Chef in disguise turned two last week :) it has been a wonderful journey! Fun, challenging, full of surprises, more pleasant than not. Sure it has been time consuming and it has turned into a mini (or major) obsession (depending on who you ask!) but above all, the things I learned, the places I have seen through my blogger friends’ eyes, the experiences shared, the people I “met” have made my life richer for sure and for that I am deeply grateful.
Unlike my one year of blogging celebration post, this time around I don’t have any words of wisdom, numbers and stats or advice to share. Just a heart-felt thank you to every one of you for sharing the journey with me. Without your visits, comments,and emails I am sure I would not have made it this far.
I wanted to share a sweet recipe to celebrate the occasion but deciding what to share was not easy. I wanted it to be something easy yet interesting and I wanted it to have a middle eastern twist.
How about using a middle eastern ingredient and incorporating it into one of my favorite desserts?
I have shared my recipe for knafe ( one of the popular desserts in the levant) and back then I told you that the knafe dough is really versatile and can be used in many recipes, both savory and sweet. Your creativity and imagination are the only limitation.
Enter knafe cups
I know many people have problems with pie crusts. I was one of them! Knafe cups are a great way around making a pie crust. They are quicker, easier, they taste great and the texture is a interesting plus.These knafe cups are fun edible containers that you can fill with anything you want, a fruit salad, pudding or dip along side some sliced fruit. Skip the sugar and you can make a savoury version.
The rest of the dessert is a no brainer. My kids have a love affair with pastry cream and I have to admit, I do too. It is so easy to eat this stuff by the spoonful and forget about making the desert. It is velvety and smooth, rich without being overly so. The perfect complement to any dessert.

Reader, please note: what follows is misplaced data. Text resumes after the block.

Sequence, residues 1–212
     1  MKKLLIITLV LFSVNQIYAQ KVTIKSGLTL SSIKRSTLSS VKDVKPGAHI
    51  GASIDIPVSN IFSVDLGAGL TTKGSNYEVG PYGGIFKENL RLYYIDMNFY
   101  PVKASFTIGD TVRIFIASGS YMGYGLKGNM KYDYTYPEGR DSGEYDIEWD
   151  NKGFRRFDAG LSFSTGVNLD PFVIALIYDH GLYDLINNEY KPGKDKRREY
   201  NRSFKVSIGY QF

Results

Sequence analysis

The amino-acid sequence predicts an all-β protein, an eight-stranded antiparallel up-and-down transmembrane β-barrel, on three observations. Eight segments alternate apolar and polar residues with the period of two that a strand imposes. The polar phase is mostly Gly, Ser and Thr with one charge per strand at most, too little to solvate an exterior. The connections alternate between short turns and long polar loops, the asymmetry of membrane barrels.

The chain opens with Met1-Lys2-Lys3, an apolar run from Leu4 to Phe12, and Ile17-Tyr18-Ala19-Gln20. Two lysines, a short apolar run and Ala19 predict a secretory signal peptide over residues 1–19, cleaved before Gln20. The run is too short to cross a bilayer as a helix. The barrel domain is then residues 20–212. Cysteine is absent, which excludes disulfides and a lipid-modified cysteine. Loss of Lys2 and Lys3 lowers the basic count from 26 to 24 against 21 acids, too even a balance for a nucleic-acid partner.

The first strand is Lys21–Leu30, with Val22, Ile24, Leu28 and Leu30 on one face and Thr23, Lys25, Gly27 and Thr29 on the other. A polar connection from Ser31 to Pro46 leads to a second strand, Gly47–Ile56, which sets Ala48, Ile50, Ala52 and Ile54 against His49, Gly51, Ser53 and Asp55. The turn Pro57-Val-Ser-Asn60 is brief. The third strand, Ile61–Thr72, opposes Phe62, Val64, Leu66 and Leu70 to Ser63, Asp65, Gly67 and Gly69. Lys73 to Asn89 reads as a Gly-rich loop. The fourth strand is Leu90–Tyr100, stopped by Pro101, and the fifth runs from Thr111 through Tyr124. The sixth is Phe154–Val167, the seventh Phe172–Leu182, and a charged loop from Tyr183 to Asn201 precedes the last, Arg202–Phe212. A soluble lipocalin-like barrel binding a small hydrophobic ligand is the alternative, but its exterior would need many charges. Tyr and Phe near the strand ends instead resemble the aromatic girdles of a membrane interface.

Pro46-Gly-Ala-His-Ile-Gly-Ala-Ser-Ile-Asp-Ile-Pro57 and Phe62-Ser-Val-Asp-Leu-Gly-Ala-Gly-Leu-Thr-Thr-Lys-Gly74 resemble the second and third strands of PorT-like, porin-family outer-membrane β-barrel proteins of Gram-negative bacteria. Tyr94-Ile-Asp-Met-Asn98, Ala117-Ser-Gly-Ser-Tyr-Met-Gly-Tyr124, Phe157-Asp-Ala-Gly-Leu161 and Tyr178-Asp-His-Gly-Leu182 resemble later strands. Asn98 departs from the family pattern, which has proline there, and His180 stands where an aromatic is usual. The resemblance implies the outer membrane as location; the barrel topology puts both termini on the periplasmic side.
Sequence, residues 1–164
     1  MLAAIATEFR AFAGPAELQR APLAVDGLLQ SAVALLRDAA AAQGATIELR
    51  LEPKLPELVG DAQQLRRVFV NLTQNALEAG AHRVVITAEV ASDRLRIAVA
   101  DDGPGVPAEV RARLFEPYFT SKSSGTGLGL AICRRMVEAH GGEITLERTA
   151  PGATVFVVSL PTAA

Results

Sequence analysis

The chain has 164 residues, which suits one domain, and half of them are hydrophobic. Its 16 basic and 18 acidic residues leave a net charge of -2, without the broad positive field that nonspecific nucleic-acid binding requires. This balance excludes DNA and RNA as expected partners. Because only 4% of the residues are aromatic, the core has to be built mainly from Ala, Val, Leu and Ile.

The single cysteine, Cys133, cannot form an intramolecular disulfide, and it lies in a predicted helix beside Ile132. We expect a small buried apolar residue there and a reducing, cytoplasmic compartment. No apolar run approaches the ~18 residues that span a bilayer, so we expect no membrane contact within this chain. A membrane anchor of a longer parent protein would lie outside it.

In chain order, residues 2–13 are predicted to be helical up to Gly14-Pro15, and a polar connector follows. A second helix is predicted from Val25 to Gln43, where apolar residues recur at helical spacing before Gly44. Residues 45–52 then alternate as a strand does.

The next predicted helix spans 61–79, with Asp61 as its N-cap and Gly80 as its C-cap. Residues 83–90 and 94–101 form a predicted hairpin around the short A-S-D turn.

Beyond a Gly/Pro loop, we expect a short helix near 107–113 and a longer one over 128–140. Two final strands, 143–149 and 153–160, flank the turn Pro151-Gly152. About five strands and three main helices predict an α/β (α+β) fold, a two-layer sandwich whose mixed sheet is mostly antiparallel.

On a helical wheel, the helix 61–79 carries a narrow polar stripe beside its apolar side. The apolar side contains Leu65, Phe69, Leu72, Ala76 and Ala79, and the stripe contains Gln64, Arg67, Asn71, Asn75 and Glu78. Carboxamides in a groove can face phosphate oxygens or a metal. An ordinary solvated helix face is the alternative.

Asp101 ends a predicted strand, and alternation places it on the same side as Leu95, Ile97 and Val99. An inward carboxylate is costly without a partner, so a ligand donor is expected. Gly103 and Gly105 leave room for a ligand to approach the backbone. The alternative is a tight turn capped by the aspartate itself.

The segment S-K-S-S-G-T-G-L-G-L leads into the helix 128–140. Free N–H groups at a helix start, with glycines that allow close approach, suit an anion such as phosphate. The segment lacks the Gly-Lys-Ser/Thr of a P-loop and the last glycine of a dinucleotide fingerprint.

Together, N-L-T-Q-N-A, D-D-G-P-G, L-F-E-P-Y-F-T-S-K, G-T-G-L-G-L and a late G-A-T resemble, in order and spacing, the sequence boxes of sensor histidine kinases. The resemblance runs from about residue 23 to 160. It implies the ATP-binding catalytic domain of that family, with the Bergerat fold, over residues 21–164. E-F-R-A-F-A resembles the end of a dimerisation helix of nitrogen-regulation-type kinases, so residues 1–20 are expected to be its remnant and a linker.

Last but definitely not least, the strawberries. Luscious, red and arranged in a flower petal pattern, they are the perfect way to fight the end of winter gloom.
Strawberry knafe tarts
To make the knafe cups
Makes 8 mini tarts
1/2 kg vermicelli pastry (knafe dough or shredded Phylo dough)
1 stick (8 tablespoons) butter , melted
1/2 cup of sugar
The night before you plan to make Knafeh, take the Phylo dough out of the freezer and place it in the fridge to defrost overnight.
The next day start shredding the dough or pastry in a bowl.
Drizzle it with the melted butter and sprinkle the powdered sugar and toss the Phylo dough until it completely absorbs the butter.
Place 1/4 cup of dough (or the amount needed to fill your tartlet pans) and press it into the sides and the bottom of the pan with your finger tips. Make sure you press it well or else your knafe cups won’t hold shape (they will be crumbly)
Bake in a preheated oven (200 C) on the lowest rack of the oven till the edges are golden brown (10-15 minutes) then turn on the broiler only for a couple of minutes to get the tops golden brown
Allow the knafeh cups to cool for 15 minutes before removing them from the pan and placing them on a wire rack to continue cooling.
Pastry Cream / Crème Pâtissière:
2 and 1/2 cups whole milk
2 tablespoon corn flour/cornstarch
2 tablespoon flour
1/2 cup powdered sugar
4 large egg yolks
2 large eggs
1 teaspoon vanilla
Whisk the eggs and egg yolks
Add the cornstarch and the flour and whisk untill combined
Place the milk and sugar in a saucepan with the sugar, dissolving the sugar and bringing the milk to the boil. Remove from heat.
Add the hot milk little by little to the egg mixture while whisking (You want to slowly heat the egg mixture). Make sure you stir constantly to prevent the eggs from cooking.
Place the mixture back into the pan and cook over medium heat while whisking (don’t stop or it’ll solidify) till the mixture starts to thicken.
Continue to whisk till the mix bubbles
Remove the saucepan from the heat and thoroughly whisk the pastry cream. At this stage the pastry cream can look slightly lumpy, but a good whisking soon makes it smoother. (N.B. If you’re worried about the pastry cream continuing to cook off the heat, you can transfer it to a stainless steel/ceramic bowl.)
Add the vanilla and whisk until fully incorporated.
If you haven’t already, pour the pastry cream into a stainless steel or ceramic bowl, and then place clingfilm over the surface to stop a skin forming.
Refrigerate overnight to give the pastry cream time to further thicken. (you need the over night chilling for the cream to set completely, if you use it sooner it will be somewhat runny)
Assembling the tarts
Fill the tarts with pastry cream, you can pipe the pastry cream if you like.
Slice the strawberries and arrange them on top of your tarts.
I usually assemble these tarts right before serving, that way the crust remains crunchy and the fruit fresh and shiny
If you are tight on time and have to prepare the tarts ahead of time, you can brush the strawberry slices with gelatine (1 tablespoon gelatine dissolved in 4 tablespoons hot water then allowed to cool). This will make the strawberries look shiny and keep them from wilting too quickly